- December 11, 2020
- Posted by: Planet Goa Team
- Category: Bookshelf
By Frederick Noronha
FOR a place so filled of history, culture and colour, Goa has a surprising limited number of vibrant coffee-table books that give a visual hint of its real-life riches. “Riches” is being used in the broadest possible sense. Not real estate, but culture, traditions, ancient wisdom, people and more. Some of the handful of books that do get published come in from overseas.
Expectedly, these are aimed largely at the tourist market. The assumption appears to be that in-depth or original information is not really needed.
‘Goa: Rare Portraits’ is rare and unusual for two reasons. Firstly, it is locally written, and can surely claim to be one of those missing coffee- table books on Goa. It’s photographer-author Pantaleão Fernandes was once actually an civil contractor, who fell in love with the complexities of Goa. He has been intensely moving around this small state with his camera and pen for years now, adding value to our understanding of this small but complex region.
The blurb describes this book as “a rare glimpse into the rural and tribal culture of Goa”. Fashion designer Wendell Rodricks calls this “an insight into a Goa rarely seen”. He also notes that the pages of the book take us to Konkani terms, typical local traditional professions, clothing, accessories, working implements that have been almost forgotten, and Goan culture too.
But if one expects to find a Goa of the Westernised middle- classes, this is not your book. As the noted photographer Pablo Bartholomew says in an afterword: “Unfortunately, Goa today is caught between the mirage of the touristic and trivialized gaze both internationally and within India.”
In this large sized, lavishly- printed and hard-bound book, the images are of Goa’s aborigines, “the tribal people known as Gauddi, Kunnbi and Kulmi” (p. 3) some of whom are still nature-worshippers.
We are told of their lifestyles, humble abodes, food, farming and festivals. Some now practise Christianity and Hinduism.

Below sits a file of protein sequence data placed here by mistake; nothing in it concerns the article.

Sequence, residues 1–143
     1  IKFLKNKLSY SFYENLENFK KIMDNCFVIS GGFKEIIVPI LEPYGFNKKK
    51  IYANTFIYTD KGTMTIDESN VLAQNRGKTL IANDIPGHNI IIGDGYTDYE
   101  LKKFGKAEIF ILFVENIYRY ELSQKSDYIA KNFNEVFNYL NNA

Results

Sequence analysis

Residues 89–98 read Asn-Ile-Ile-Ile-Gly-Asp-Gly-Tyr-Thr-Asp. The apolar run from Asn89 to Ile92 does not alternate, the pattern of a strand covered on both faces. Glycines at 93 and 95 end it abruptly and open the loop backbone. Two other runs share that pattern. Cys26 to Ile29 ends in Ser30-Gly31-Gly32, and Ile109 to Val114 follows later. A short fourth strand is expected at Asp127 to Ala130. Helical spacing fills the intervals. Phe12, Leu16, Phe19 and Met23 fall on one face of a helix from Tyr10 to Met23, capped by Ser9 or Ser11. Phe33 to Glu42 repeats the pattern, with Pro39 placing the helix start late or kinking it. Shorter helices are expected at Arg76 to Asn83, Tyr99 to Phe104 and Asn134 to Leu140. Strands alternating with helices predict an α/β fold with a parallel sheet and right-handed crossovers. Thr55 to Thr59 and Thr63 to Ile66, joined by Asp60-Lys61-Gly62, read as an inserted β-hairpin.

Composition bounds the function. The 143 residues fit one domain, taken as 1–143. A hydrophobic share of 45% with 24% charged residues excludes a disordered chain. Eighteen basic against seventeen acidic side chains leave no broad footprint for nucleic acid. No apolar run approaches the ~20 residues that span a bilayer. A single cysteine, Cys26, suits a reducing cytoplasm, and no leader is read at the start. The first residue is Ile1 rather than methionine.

Toddy-tappers were menfolk of an ancient profession, now sadly dying away with all the ‘development’ that Goa has seen in recent times. So is the case with fishing, and a large beach-seine net called the ‘rampon’ (which can be kilometres long) is also introduced to the reader. Some of our generation would see such forms of fishing regularly in action in beaches across Goa, even as recently as in the 1970s and 1980s. Today, this is rarely seen. One can recall this only with a sense of loss.
The music of the Christian Gauddi — males being good percussionists and women adept at dancing and singing — is highlighted too. So is the modest loin-cloth that some rural menfolk wore, called the ‘kashtti’.
This is a face of Goa the traveller to the beach and coast seldom encounters. So much so, that the images of the persons photographed might even seem unrecognisable compared to the more urbanised and Westernised Goan we are used to seeing.
Fashion designer Wendell Rodrigues, one of the known faces of Goa, describes the little-known clothes of this community. Close-up images take us face-to-face with tribal weaving mats, and others engaged in inland fishing. Traditional
medical remedies (zhadpalyachem vokod, literally, the medicine
of trees and roots) is sharply depicted.
These humble rural- dwellers’ lives, from the paan (chewing betel leaf) to scouring the neighbourhood for wood, smoky-flavoured
food, the vegetable they grow and the food they cook, each gets colourful images depicting their story.
An image of live within the state boundaries of Goa and its neighbouring areas.” The colours are vibrant, the details are impressive, and this is a Goa that seldom gets depicted.
This book would be worth it just for the documentation it achieves, leave aside the knowledge it imparts and preserves.